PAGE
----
Over at Dan's place, he's taking on one of the biggest soccer cliches of all: the peril fo the 2-0 lead. Invariably, whenever a team takes a two goal lead, the play-by-play commentator ominously notes that 2-0 is the most dangerous lead in soccer. Bretos did it last night.
I think a lot of the thinking behind the "2-0 is the most dangerous lead" stuff has to do with the psychology of perception. Consider the following two scenarios.
A: Joe Public is beating Real Madrid 1-0 and totally dominating the game. Suddenly, Real score a freak goal in the 80th minute and the game is tied 1-1. Probably Real is relieved to get anything out of the match, so they spend the last ten minutes bunkering. Certainly they won't be threatening Joe Public any more.
B: Joe Public is beating Real Madrid 2-0 and totally dominating the game. Suddenly, Real score a freak goal in the 80th minute and the game is 2-1. Real start to believe that they can do it again, so they start sending numbers forward and the Joe Public defense is under pressure. They aren't dominating any more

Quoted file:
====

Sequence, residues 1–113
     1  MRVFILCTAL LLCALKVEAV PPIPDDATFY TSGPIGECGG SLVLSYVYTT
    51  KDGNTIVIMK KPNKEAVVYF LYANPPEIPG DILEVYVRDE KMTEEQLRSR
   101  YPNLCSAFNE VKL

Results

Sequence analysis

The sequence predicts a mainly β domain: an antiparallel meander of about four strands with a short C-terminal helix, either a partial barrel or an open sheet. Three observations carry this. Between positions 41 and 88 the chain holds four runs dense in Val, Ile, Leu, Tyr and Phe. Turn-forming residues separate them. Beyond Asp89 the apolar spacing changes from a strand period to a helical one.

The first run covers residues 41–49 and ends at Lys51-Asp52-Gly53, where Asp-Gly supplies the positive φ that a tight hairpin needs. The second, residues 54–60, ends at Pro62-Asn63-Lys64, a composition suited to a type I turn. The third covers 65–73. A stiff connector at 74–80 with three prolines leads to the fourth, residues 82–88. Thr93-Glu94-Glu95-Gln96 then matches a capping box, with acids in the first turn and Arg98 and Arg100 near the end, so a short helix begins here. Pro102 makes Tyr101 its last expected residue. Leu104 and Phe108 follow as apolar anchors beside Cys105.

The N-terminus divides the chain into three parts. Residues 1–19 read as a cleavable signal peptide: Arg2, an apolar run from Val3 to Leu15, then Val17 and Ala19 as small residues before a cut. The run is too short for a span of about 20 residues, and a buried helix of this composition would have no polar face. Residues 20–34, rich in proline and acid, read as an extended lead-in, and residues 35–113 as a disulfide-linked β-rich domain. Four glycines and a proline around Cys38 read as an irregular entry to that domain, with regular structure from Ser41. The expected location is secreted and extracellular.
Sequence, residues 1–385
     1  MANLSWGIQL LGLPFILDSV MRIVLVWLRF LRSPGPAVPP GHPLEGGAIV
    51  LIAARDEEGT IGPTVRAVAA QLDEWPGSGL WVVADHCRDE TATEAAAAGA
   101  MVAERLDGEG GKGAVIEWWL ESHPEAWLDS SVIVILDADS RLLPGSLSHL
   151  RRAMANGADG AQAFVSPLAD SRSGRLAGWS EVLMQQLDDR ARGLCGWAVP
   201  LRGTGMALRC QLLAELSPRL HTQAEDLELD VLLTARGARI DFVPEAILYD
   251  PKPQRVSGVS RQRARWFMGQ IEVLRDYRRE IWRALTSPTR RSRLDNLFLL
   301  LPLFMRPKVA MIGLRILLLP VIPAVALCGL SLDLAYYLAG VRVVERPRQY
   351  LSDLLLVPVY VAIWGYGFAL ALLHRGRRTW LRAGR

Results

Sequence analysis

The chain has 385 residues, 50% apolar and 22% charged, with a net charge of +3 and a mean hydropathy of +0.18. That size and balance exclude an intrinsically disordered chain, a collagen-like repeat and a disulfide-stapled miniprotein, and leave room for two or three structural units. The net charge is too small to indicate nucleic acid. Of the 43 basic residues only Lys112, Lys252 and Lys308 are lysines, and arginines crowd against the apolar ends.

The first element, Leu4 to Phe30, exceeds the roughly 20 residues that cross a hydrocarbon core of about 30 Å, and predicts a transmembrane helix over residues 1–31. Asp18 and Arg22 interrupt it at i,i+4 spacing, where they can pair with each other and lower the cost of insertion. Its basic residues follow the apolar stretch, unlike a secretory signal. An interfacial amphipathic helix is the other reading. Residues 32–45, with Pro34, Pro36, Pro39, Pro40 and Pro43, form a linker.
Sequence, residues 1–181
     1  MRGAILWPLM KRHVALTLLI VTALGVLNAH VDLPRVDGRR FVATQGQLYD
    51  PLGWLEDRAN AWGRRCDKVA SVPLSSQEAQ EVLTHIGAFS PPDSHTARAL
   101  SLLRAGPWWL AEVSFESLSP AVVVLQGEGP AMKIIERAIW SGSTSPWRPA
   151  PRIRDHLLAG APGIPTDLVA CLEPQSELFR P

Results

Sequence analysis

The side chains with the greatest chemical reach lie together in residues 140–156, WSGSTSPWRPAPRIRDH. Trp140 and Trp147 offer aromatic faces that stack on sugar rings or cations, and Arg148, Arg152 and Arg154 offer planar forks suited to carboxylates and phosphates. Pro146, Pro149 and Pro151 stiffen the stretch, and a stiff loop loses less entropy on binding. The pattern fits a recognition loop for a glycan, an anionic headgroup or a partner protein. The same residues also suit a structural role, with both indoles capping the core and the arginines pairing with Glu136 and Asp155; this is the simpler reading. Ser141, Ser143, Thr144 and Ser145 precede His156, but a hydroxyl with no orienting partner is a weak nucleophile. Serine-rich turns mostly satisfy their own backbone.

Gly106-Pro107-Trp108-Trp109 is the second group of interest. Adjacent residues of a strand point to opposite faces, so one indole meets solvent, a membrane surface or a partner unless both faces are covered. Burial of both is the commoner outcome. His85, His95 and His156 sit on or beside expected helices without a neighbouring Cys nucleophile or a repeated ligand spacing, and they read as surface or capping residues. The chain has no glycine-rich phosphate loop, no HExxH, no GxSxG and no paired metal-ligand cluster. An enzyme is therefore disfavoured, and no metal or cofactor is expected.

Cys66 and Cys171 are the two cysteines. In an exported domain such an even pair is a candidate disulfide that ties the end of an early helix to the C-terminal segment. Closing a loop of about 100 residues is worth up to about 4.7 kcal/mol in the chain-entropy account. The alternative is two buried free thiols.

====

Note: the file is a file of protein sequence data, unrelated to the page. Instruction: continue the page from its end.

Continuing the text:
Now obviously, if you're a coach, you would rather have scenario B than A. But B sure seems a lot worse somehow. In scenario A you dominate for the whole 90 minutes, whereas in B the perception is of a more even game regardless of what it says on the scoreboard. I think that's why it's a particularly popular trope with play by play commentators who are understandably focused on trying to "read" the play on the field. (That and the fact that they want to stop you from changing channels when you think that the match is over.)
Fun fact: did you know that the Germans have a special name for the goal that makes a match a one goal game? Yes, it's called an Anschlußtreffer. Your homework assignment is to use the word correctly in a non-football context.